COLUMN: Government Shutdown Wasted Time

January 22, 2018
Weekly Column and Op-Ed

As your representative in Congress, I take the responsibility to provide for the federal government’s operations very seriously. Continuing Resolutions, or extensions of funding from previous fiscal years, are a terrible budgeting option for our country. This fiscal year, the House of Representatives passed all twelve of our bills necessary for the appropriations process, but the Senate has still not even passed a single one. This leaves Congress only capable of funding the government in short spans, resulting in an unstable environment for our military and the vital programs that the American people rely on. Despite the stakes, blocking funding for the federal government was the option that Senate Democrats chose by rejecting the Continuing Resolution on January 19th, 2018, which resulted in shutting down the federal government.

I, along with the majority of my colleagues in the House of Representatives, voted before the deadline to pass legislation that would continue government funding until February 16th, 2018. The legislation also provided long-term funding for the Children’s Health Insurance Program (CHIP), which insures over 60,000 low-income children in Washington state, for six years – the longest in the program’s history. There was nothing objectionable in this bill that the Democrats opposed, yet they blocked it anyway.

Even a brief government shutdown has real implications for the people of our country and for Central Washington. Without federal appropriations, the brave men and women of our military don’t receive a paycheck. This is absolutely unacceptable, which is why I cosponsored legislation introduced by Rep. Martha McSally (R-AZ) to ensure that our service members continue to be paid as they keep working to protect our country and prohibit members of Congress from receiving a paycheck. The federal government also operates critical priorities here at home, including cleanup at the Hanford Site and the Pacific Northwest National Laboratory, which together employ more than 13,000 workers. These employees rely on stable, reliable funding, which Senate Democrats chose to block.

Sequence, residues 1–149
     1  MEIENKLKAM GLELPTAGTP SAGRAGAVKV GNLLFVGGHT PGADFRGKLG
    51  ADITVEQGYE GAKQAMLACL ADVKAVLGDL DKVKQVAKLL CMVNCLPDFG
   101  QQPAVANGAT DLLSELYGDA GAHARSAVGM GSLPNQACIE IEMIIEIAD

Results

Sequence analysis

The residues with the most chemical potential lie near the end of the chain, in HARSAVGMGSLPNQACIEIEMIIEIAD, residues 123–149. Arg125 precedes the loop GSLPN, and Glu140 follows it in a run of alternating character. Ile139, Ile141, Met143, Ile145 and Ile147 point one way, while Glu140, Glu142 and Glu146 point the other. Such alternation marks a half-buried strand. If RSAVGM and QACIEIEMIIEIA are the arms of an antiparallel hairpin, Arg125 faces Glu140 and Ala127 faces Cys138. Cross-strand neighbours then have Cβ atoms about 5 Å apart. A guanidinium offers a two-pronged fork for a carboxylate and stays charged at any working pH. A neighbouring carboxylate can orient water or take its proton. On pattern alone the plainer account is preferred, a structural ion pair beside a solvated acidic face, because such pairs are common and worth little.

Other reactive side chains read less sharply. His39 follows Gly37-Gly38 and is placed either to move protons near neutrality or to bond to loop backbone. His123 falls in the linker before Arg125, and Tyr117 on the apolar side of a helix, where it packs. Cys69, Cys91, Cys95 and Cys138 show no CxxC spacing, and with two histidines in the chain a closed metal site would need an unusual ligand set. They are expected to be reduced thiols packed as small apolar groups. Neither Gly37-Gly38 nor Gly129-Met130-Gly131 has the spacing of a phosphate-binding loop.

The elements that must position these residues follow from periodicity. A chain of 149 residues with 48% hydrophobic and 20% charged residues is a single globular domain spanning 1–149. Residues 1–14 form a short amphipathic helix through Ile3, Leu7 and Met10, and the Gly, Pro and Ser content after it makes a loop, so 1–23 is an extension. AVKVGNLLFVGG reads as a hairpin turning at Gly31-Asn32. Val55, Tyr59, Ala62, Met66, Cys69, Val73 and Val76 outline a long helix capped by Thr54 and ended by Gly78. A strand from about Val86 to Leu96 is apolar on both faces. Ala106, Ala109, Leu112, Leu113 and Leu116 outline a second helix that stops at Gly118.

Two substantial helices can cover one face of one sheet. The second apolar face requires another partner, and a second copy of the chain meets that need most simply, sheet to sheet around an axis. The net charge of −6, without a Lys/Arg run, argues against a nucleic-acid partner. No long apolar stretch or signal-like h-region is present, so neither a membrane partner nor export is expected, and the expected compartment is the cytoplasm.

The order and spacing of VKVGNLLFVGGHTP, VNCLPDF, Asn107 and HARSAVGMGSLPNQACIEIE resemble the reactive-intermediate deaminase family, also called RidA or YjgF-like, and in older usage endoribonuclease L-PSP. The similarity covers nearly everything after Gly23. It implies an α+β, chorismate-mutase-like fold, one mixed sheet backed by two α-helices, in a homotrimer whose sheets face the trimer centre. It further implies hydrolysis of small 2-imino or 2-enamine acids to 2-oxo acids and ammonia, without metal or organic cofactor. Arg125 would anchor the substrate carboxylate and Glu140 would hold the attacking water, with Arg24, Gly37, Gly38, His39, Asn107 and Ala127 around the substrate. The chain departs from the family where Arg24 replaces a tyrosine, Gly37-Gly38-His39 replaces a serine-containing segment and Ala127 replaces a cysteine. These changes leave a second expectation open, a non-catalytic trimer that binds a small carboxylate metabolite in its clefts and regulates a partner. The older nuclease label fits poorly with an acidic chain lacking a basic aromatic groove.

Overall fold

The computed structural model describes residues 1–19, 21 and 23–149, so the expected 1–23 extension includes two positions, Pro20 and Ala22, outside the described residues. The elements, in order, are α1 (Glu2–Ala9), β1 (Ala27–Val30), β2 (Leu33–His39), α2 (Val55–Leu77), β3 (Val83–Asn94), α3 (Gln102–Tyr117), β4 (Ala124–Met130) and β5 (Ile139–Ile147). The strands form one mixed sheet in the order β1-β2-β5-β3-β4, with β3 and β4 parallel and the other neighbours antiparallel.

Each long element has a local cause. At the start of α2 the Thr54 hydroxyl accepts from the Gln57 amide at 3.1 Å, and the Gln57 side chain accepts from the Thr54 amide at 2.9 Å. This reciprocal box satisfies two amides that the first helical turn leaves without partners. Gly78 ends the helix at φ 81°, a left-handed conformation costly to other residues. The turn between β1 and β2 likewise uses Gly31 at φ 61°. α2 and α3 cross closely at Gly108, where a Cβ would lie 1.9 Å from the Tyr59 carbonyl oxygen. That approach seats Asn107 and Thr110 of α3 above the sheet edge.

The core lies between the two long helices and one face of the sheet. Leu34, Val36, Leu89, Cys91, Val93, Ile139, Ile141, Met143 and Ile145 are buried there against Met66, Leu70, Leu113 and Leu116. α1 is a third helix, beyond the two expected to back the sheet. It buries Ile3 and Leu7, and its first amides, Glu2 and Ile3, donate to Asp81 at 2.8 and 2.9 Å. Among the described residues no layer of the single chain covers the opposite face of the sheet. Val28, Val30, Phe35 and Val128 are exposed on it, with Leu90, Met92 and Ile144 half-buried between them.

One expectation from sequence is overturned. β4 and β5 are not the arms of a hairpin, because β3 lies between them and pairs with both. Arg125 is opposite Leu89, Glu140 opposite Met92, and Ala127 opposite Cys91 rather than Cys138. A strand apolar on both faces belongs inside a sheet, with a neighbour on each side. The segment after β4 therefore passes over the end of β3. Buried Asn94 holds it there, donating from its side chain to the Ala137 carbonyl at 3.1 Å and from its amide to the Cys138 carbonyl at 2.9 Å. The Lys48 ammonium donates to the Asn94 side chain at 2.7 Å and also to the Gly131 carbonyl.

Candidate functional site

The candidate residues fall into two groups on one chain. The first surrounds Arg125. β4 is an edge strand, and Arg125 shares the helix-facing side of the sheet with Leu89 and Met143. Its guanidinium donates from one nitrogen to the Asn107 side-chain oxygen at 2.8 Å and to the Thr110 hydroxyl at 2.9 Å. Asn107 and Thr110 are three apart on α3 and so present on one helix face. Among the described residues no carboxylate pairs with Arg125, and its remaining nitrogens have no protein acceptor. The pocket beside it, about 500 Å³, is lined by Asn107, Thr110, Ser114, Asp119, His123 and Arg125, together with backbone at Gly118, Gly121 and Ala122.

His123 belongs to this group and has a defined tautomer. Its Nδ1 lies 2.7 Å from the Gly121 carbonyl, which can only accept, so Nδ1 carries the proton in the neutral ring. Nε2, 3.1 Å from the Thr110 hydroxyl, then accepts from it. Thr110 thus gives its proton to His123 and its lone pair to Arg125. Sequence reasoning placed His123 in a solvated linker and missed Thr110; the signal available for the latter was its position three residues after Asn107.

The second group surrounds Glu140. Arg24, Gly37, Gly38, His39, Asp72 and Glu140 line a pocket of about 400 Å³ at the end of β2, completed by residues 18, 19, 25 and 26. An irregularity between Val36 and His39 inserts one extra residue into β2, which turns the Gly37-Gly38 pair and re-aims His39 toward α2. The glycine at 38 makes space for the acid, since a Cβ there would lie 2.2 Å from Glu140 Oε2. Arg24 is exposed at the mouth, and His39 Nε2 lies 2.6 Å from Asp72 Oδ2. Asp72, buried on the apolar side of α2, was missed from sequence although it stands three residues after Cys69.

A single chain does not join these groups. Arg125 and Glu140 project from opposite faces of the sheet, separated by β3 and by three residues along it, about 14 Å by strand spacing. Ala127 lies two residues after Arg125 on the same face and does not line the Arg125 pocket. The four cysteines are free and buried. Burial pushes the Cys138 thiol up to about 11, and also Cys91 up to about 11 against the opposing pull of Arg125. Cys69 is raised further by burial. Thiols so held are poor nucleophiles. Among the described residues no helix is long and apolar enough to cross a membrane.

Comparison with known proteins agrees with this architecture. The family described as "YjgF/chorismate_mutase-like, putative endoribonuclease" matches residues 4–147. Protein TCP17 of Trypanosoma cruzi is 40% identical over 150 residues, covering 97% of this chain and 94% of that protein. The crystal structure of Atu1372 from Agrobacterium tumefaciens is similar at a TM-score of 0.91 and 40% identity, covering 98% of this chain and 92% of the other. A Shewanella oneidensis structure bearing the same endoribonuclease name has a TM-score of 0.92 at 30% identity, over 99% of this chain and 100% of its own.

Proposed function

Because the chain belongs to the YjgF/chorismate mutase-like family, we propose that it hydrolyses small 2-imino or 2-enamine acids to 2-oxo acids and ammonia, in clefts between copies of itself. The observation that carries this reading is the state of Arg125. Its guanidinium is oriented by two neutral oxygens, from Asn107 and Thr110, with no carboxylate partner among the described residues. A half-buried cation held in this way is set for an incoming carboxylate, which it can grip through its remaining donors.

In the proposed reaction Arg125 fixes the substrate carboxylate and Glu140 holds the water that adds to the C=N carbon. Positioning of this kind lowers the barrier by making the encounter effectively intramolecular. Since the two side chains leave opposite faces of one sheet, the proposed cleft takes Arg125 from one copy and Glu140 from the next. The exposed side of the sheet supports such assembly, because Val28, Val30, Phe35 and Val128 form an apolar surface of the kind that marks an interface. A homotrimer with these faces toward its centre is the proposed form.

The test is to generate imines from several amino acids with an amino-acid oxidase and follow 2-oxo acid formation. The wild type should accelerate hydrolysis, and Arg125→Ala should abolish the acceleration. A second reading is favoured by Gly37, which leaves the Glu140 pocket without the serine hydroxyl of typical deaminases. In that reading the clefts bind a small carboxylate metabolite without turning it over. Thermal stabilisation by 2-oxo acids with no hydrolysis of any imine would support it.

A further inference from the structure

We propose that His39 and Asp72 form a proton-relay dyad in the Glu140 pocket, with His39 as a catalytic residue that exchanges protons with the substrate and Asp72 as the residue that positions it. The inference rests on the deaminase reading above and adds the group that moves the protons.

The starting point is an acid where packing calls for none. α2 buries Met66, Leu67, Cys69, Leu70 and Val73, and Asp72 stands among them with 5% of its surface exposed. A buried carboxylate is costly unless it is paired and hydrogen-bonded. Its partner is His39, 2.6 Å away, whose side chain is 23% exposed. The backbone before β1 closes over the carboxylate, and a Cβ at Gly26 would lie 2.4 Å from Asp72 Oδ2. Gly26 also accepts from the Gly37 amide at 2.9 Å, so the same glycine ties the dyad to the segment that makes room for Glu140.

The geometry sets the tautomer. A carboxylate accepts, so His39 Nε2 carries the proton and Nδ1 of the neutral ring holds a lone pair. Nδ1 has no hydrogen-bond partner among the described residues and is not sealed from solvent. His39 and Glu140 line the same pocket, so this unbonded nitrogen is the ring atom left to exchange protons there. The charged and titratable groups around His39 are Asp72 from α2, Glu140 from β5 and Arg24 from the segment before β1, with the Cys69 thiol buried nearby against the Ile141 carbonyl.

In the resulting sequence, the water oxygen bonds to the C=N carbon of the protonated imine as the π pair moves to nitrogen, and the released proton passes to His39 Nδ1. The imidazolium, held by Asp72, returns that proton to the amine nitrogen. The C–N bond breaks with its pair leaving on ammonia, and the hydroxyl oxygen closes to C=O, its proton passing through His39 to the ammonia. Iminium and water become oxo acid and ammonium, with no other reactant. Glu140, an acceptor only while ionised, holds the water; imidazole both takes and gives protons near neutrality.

I am frustrated at the uncertainty and waste of time caused by the temporary shutdown—especially when it comes to negotiating a solution for DACA beneficiaries. During the 2013 shutdown, Senator Schumer (D-NY) even remarked, “We could say, ‘We’re shutting down the government. We’re not going to raise the debt ceiling until you pass immigration reform.’ It would be governmental chaos.”

As a strong supporter of immigration reform, I was very disappointed that the Democrats in the Senate chose governmental chaos. I am concerned that their decision short-circuited immigration negotiations and did not get us any closer to a shared goal of finding a bipartisan solution for DACA beneficiaries and a secure border. The fruitless attempt to shut down the government failed to make progress on a negotiated solution for DACA.

Democrats finally agreed to join Republicans to restore a fully-functioning federal government—but only for three weeks instead of four. Now that the unnecessary shutdown is behind us and CHIP has been renewed for six years, Congress must return to negotiating and building support for a legislative solution requested by the President to provide certainty for DACA beneficiaries and ensuring our borders are secure.